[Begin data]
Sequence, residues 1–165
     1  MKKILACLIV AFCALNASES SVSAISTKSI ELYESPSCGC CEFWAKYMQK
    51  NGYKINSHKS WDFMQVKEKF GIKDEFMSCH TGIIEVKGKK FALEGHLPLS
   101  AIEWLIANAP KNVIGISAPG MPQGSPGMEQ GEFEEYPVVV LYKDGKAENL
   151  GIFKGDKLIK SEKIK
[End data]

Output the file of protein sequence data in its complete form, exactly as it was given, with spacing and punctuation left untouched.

Sequence, residues 1–165
     1  MKKILACLIV AFCALNASES SVSAISTKSI ELYESPSCGC CEFWAKYMQK
    51  NGYKINSHKS WDFMQVKEKF GIKDEFMSCH TGIIEVKGKK FALEGHLPLS
   101  AIEWLIANAP KNVIGISAPG MPQGSPGMEQ GEFEEYPVVV LYKDGKAENL
   151  GIFKGDKLIK SEKIK